An Inclusive Litany

2/4/03

The Chronicle of Higher Education reports that efforts by campus police at various universities to crack down on non-students who use public restrooms for random gay sex encounters is being called homophobic by members of the "Gay, Lesbian, Bisexual, Transgender and Questioning (GLBTQ)" community.

"Heterosexual couples exploring sex on lovers' lane is romanticized, but same-sex sex is treated differently," says Luke Jensen of the University of Maryland. "The question of public versus private can be a shifting paradigm. Why is a bathroom stall considered a private space except when it comes to sex?"

Some say bathroom sex is an integral part of gay identity and the coming-out process. "For some men, their whole connection with gay life stemmed from their experiences in bathrooms," says William L. Leap, American University anthropology professor and editor of Public Sex/Gay Space. "Tearooms became the basis for social interactions, a way of getting into a friendship network."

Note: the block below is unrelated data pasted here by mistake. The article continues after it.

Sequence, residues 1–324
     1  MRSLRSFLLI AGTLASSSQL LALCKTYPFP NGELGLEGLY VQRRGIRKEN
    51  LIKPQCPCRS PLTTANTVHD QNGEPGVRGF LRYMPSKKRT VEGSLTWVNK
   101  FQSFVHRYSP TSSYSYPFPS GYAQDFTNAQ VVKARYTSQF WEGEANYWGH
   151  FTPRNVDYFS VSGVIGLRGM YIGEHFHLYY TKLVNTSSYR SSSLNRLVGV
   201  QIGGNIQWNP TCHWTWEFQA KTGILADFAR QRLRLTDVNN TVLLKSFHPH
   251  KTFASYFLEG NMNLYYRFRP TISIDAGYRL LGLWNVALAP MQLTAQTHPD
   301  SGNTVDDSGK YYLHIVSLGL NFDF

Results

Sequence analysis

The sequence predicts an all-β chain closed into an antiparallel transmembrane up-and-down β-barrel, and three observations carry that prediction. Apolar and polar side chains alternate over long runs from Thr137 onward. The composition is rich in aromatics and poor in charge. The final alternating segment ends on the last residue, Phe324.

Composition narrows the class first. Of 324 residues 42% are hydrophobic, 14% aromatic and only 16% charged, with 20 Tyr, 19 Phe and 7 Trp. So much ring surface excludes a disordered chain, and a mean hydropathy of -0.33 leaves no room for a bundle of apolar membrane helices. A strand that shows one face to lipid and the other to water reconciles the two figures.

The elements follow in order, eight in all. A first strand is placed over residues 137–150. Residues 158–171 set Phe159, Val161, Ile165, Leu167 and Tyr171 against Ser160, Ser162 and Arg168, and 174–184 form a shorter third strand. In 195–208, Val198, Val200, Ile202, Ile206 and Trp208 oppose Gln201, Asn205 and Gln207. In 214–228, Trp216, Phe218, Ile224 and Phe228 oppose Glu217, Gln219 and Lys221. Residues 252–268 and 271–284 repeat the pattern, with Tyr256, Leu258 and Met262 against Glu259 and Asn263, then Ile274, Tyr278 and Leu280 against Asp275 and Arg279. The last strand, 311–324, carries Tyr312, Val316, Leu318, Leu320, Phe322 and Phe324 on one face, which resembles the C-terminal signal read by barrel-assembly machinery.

The California Patriot reports that the university-sponsored website of the UC Berkeley Queer Alliance/Queer Resource Center publishes the best locations for anonymous bathroom sex. One solicitation reads, "Find that special someone (or three)!" along with a picture of three naked men embracing. Many partitions between stalls are vandalized with "glory holes" that are used "to peer into the stall next door to see if it is occupied by a man interested in sex. If it is, the student will cross into the stall and engage with him sexually, usually without any mutual acquaintance." Indeed, the holes themselves often figure into the sex act.

[Ed.: A UC police spokesman commented that they usually respond to reported glory holes by "trying to deconstruct" them, apparently unaware of what that word has come to mean.

Some years back I went into Harvard's science building to go to the bathroom, and noticed that all the stall doors had been removed, unfortunately eliminating any hope of privacy. Upon leaving, I complained to a staff member, who replied that the doors had been removed as an "AIDS-prevention" measure. I must have had a puzzled look on my face, because he simply repeated what he had just told me—no doubt what he was told to pass along to anyone who asked—with no elaboration possible. There was a weariness in his voice.]

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